"They told me my vote might not count, but I should go back and get a provisional ballot. I went back after work and demanded a provisional ballot. The people at the polling place were rude, but relented after I demanded it," he said.

Green recently updated info with MVD, but said he didn't update his voter information while doing so. Rodriguez said Green's voting information was changed after that visit, when information from a paper form showed his choice was "other -blank."

Green's provisional ballot will be counted, Rodriguez said after examining his case with TucsonSentinel.com.

"Anyone can come down to the office as look at their record," the recorder said. "We want to work with everybody to make sure they're listed correctly."

Voters reported a variety of concerns about their voting experience.

Megan Beardmore, a University of Arizona psychology student, was able to vote by mail before election day, after she had to call the Recorder's Office to request an early ballot she was expecting.

Beardmore's records show that she had not asked to be on the Permanent Early Voting List, but had requested early ballots for last year's local elections, Rodriguez said.

Some voters have considered themselves members of political parties without being listed on any party's rolls.

Brian Lopez said he was surprised to find himself listed as PND when he went to cast a ballot. Lopez described himself as a longtime Democrat.

But his registration history shows that he was signed up as a Democrat in 2004, but his party was switched to independent after an MVD visit in 2007. As he hasn't voted in any recent primaries, Tuesday's election would have been the first where being listed PND would affect his ability to vote.

"Just to be clear, I don't think I've fallen victim to any 'voter suppression' conspiracy," he said. "There is definitely room for improvement within the system — but in
the end, it's my fault not knowing the rules. I'll get it right next time around."

A voter in a Republican household, Katrina Ellis was turned away from the polls as an ineligible independent Tuesday. Her voting records indicate that she has regularly voted in general elections but has never cast a primary ballot, and has never been a registered Republican.

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Of the many voters whose cases we investigated this week, we found just a single instance of a Pima County voter whose troubles at the polls didn't have a simple — if often somewhat maddening — explanation.

Rodriguez said she would look into why Jayson Gilliam — who is on the rolls under a different name than he uses in public — was turned away and not given a provisional ballot, despite carrying a voter card labeled "DEM."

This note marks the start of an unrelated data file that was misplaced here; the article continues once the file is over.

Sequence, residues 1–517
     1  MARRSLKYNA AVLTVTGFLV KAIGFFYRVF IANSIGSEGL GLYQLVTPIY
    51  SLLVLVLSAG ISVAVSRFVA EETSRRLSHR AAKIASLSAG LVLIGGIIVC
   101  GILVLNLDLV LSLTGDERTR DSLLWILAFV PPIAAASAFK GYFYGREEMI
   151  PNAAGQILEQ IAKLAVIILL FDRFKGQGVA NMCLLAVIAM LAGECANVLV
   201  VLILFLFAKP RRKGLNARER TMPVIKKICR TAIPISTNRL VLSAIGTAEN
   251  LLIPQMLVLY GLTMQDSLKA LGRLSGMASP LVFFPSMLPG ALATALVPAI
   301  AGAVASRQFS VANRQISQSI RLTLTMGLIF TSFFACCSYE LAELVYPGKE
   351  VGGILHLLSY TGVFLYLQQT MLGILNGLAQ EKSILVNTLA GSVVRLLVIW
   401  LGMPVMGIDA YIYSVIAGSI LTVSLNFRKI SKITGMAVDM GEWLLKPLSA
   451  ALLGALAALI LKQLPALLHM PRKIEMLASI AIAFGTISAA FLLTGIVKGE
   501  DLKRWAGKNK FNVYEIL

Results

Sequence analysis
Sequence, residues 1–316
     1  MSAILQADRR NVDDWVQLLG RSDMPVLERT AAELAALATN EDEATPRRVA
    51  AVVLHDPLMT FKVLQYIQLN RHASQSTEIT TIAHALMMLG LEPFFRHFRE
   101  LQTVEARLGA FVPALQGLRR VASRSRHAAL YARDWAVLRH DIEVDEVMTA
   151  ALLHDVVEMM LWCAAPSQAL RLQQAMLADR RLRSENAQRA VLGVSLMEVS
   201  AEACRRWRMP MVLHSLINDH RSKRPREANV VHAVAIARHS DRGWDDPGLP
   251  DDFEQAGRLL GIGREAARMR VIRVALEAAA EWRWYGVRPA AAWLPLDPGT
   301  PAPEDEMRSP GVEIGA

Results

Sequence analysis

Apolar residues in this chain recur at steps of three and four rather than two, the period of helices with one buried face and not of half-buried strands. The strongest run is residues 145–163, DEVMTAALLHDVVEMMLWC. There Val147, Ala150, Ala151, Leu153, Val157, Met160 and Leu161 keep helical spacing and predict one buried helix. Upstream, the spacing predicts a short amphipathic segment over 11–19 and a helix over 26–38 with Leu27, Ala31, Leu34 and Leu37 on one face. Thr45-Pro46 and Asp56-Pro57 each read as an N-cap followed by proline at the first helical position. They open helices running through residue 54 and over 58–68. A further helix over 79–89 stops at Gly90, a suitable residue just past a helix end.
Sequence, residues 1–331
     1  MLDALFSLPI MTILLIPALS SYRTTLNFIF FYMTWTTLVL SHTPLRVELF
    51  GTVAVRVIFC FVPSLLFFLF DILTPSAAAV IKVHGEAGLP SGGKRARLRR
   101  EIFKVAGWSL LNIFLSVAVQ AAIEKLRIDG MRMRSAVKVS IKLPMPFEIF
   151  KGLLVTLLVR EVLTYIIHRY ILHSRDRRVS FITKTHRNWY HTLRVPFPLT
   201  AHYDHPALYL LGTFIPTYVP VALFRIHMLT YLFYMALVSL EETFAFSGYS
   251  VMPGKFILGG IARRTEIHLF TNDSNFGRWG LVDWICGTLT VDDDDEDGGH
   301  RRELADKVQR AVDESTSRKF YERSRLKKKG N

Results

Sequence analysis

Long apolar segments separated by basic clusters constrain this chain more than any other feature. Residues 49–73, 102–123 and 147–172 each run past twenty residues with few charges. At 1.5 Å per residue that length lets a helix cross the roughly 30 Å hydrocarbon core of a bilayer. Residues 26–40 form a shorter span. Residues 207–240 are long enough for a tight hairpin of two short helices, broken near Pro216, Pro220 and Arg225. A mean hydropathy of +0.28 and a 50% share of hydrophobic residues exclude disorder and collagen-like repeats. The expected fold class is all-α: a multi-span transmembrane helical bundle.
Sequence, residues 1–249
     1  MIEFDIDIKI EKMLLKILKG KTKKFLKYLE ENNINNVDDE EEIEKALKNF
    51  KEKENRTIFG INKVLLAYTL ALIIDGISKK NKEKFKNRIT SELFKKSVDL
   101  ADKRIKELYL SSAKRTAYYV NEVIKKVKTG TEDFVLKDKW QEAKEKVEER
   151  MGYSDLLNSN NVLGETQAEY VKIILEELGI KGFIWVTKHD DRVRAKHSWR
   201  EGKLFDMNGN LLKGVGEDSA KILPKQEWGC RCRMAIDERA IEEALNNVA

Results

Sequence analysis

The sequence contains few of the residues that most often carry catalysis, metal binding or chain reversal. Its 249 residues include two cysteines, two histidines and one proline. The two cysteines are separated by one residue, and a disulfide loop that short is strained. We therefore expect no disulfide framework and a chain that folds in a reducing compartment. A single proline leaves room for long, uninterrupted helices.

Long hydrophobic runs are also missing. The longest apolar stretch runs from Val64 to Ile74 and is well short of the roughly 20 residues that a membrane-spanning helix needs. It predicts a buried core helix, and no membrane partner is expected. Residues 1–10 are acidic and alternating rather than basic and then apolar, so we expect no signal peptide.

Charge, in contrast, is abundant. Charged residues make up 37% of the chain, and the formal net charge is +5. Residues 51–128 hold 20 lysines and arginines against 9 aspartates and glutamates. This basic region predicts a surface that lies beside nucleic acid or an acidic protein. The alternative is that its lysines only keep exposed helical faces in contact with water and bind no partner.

Chris Babbie, who like many turned away from the polls Tuesday was vocal about his experience on social media, has been an independent voter who has cast ballots in both Democratic and Republican primaries.

The difference between who is eligible to vote in the other primary elections and the partisan nominating vote in Arizona isn't readily apparent, Babbie said.

"In the end it was my error," he said in hindsight, but "if that verbiage had been included" it would have been more clear that his most recent request for an early ballot in the primaries didn't allow him to participate in Tuesday's vote.

"I would have corrected the problem myself ... if it had been more apparent," he said.

Babbie said the difference between the primaries and what he called the "Preferential Indication Ceremony" is "semantics." He also said that he didn't have a voter registration card indicating that he wasn't a registered party member.

Rodriguez said she backs opening up the presidential nominating vote, and noted that a new batch of voter notification cards was being sent out beginning this week.

That routine action raise eyebrows among many voters who got their new cards in the mail even as the polls were still open Tuesday.

"My experience was more strange than problematic," said Nicola Freegard, who was one of the voters who got a new card on Election Day.

"Nothing about my voting status has changed since I registered four years ago and I did not change, request or expect a new card," she said Wednesday. "Why would they mail out cards to early voters to arrive on voting day? It made me wonder if my early ballot was even counted."

Rodriguez said that new cards are being sent to all registered voters, as part of a regular process "required by law."

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"Maybe my timing wasn't so great," she said, but explained that with a special election coming in May, "we had to mail out a half-million" cards with enough time to see which are returned as undeliverable before early ballots are mailed beginning April 20.

"If we didn't have that May election, we wouldn't have dropped (the cards) this early," she said. "No time is a good time" with so many elections in one year, she said.

As for Freegard's early ballot? She checked it online, and it was counted. Anyone who cast an early ballot or a provisional ballot can check its status on the Recorder's Office website.

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If you had problems casting a ballot in Arizona's presidential preference election, we want to know more about it. Please email us with details about your experience: editor@tucsonsentinel.com.